Development and application of statistical methods for population-based cancer patient survival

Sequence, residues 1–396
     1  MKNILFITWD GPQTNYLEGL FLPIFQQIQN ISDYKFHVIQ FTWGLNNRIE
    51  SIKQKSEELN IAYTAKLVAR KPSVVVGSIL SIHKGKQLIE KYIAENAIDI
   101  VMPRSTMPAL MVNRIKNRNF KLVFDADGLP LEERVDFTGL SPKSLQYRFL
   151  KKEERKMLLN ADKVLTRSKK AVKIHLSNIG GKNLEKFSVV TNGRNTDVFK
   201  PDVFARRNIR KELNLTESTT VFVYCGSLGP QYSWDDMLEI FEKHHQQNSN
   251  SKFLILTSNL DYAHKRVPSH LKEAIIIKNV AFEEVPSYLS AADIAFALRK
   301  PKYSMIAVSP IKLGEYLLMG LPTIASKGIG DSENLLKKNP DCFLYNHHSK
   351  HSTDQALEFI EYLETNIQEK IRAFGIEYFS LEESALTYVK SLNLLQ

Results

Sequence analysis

Sammanfattning: The overarching aim of this work has been to develop and apply statistical methods for estimating cancer patient survival from population-based register data. Particular focus has been on statistical methods that can be used for presenting cancer survival statistics from administrative health data registers in a manner that is relevant for physicians and patients. Study 1: In this study we clarify and discuss the relative merits of estimates of crude and net cancer patient survival, respectively. In addition, we demonstrate how period analysis, applied in a competing risks setting, can be utilised to predict crude survival probabilities applicable to newly diagnosed cancer patients. As a motivating clinical example, we use data from the National Prostate Cancer Register to assess the impact of prognostic factors on the risk of prostate cancer death in relation to death from other causes than prostate cancer, and event-free survival, among recently diagnosed patients. We conclude that the period estimates of crude survival o er a useful basis for risk communication between physicians and clinicians and advocate their use as means to answer prognostic questions. Study 2: Late adverse health e ects in cancer patients are a growing problem given the longer survival seen for most cancers. Deaths that occur as a consequence of treatment toxicity can be regarded as indirect deaths due to cancer. In this methodological study we extend exible parametric survival models for relative survival by partitioning the overall excess mortality from cancer into two component parts; excess mortality from diseases of the circulatory system, DCS, (assumed caused by the treatment), and remaining excess cancer mortality. We present summary measures for quantifying the risk for death from late e ects of treatment relative to the overall risk of dying of breast cancer, or causes unrelated to the cancer. The method is illustrated using data obtained from the Swedish Cancer Register on women diagnosed with breast cancer in Sweden between 1973 and 1992. Study 3: Survival after Hodgkin lymphoma has increased substantially in the past four decades, following the development of e ective multi-agent chemotherapy, introduction of combinedmodality therapy with reductions in radiation eld size and dose, and more apt evaluation of treatment response. The aim of this study was to present clinically interpretable estimates of temporal trends in the burden of fatal excess DCS mortality among Hodgkin lymphoma survivors who were treated in the 1970's through 1990's, and to predict the future clinical burden among patients diagnosed more recently. Using data from the Swedish Cancer Registry we showed how the excess DCS mortality, within 20 years after diagnosis, has decreased continually since the mid-1980s and is expected to further decrease among patients diagnosed in the modern era. However, when accounting for competing causes of death, we found that excess DCS mortality constitutes a relatively small proportion of the overall mortality among Hodgkin lymphoma patients in Sweden. Study 4: In this study we show how recently developed exible parametric cure models, combined with competing risks theory, can be used to estimate crude probabilities that cancer patients who are alive will eventually die from their cancer, or from other causes, respectively. Moreover, we show how to 'update' the prognosis for patients who have survived some time after their diagnosis via the use of conditional probabilities. The method is discussed and demonstrated using data from the Swedish Cancer Register on patients diagnosed with melanoma, colon cancer and acute myeloid leukemia between 1973 and 2007.
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